The government will pull a few tricks up its sleeves soon to stabilise the exchange rate as part of a broader task of creating a viable environment for
business, Business Times has learnt.
A team of President Emmerson Mnangagwa’s close advisers in the central bank and in government, particularly the Ministry of Finance, see the stabilisation of the exchange rate as a step in the right direction that has to be made to stop economic hemorrhage characterised by deindustrialisation.
The stabilisation of the exchange rate is also seen as critical ahead of the introduction of a local currency. Informed sources said authorities are currently making frantic efforts to work on improving confidence in the financial services sector, enhance productivity, manage the supply of mon-
ey and increase the supply of foreign exchange.
In terms of exchange rate stabilisation, there are two choices for a government, normally through its central bank. It either takes an adaptive or active approach. In the adaptive approach, there is no active participation, but instead adapting to the market tendencies. In the active approach, the central bank actively influences the exchange rate.
Sources actively involved in the critical task of exchange rate stabilisation say the current exchange rate volatility makes it difficult for business to plan and is a huge threat in the case of restocking.
This creates problems for the formal and informal sectors and makes it difficult to run bureaux de change. The sources said a stable exchange rate is good for foreign currency dealers and makes foreign currency more available.
“When the rate is volatile, people make losses when they need to restock. This is the same for bureuax de change where the cash is the stock and
when they need to replenish the stock they are at a huge loss,” said a close source.“This is why they don’t sell the US dollars but they are just buying from the public.
This is a problem because if you want to travel you just go to a bureau de change like in most countries. You buy your money and or sell as you please. We can’t have people going to Zambia for a night failing to
get US$300, it’s unacceptable.”
Efforts to stabilise the exchange rate include the ongoing anti-corruption fight which has in recent weeks seen the central bank freezing accounts be-
longing to individuals and corporates believed to be driving the black market.
The central bank also temporarily banned the cash-in, cash-out, and cash-back transactions on EcoCash as part of the measures to control the
volatile exchange rate. EcoCash agent lines were being used by illegal foreign currency dealers and who were driving the rates up.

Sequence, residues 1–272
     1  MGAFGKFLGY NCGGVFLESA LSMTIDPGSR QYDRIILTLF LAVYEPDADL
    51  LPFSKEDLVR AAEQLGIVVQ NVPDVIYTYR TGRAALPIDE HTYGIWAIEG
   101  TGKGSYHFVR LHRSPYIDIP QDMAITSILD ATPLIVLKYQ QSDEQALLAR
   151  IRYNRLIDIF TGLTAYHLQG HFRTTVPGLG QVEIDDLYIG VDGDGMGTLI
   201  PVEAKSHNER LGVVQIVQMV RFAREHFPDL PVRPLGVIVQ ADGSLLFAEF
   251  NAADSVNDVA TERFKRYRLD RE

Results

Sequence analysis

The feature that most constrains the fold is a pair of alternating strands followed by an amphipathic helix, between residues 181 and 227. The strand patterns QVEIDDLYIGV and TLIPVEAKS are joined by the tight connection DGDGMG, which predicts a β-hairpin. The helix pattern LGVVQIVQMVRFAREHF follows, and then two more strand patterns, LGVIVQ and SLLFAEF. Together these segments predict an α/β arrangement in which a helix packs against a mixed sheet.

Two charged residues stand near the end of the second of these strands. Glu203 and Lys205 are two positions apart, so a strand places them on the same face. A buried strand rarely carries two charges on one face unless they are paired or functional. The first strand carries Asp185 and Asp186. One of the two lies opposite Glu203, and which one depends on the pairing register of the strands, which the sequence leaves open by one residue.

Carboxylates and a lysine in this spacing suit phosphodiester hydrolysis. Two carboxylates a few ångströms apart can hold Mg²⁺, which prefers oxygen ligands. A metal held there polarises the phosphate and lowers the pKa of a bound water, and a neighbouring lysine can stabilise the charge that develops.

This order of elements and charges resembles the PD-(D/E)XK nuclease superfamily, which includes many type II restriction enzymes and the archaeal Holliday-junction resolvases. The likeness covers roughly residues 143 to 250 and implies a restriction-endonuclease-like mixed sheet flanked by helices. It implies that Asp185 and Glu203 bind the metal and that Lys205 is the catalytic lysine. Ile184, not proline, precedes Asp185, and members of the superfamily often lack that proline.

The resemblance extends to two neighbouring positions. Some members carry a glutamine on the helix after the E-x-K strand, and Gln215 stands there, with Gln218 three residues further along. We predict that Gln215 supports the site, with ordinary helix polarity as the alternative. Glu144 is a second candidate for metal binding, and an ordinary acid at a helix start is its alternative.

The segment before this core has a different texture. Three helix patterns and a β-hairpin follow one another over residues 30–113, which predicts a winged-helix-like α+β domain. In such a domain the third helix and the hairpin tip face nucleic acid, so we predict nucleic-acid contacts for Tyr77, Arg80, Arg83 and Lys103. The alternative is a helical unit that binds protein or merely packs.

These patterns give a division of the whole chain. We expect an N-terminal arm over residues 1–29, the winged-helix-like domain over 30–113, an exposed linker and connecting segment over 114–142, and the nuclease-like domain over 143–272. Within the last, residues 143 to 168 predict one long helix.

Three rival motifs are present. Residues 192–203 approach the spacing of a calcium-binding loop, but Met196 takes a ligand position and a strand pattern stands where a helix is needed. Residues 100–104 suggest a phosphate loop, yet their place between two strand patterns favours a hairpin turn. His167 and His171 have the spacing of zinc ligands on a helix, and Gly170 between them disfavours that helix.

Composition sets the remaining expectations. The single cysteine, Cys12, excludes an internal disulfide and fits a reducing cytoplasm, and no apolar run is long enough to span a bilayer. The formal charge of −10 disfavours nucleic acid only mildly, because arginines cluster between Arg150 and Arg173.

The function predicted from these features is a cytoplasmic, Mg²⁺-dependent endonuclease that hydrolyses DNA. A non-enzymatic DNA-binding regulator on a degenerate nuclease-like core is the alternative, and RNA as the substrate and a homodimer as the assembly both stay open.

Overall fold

The parallel market rates crashed significantly when EcoCash agent lines were closed. “There is information on everyone and indeed there are no sacred cows,” one source told Business Times. “You will be surprised when the appropriate action is taken. It’s not about making noise, but getting things done to stop malpractices and stabilise our rates. It is known who is doing what on the parallel market because people are sending monies where they are not supposed to go, where there is no production. Instead, money is a commodity.”
As foreign currency shortages persist despite the creation of an inter-bank market, which is meant to be a free market place for foreign currency trade, the parallel market is thriving. Bank officials, according to information at hand, have now started charging premiums on the inter-bank rate to give their clients foreign currency.
Economist Prosper Chitambara said a stable exchange rate helps to stabilise prices because developments in the forex market are a key deter-
minant of inflation. “This will generally result in a stable macro economy,” Chitambara said. He said the best way for the government to stabilise the exchange rate was to push production up by attracting new investment and enabling existing businesses to grow and export their products.
“When there is a greater supply of forex, there tends to be stability, but right now the demand for forex remains high while supply declines,” Chitambara said.
Economist Brains Muchemwa blamed the exchange rate depreciation and the subsequent pricing instability on the government printing huge amounts of unproductive money. “The government is the biggest culprit in terms of destabilising the exchange rate,” Muchemwa claimed. “The only way to stabilise the exchange rate is for the government to limit broad money supply growth.”
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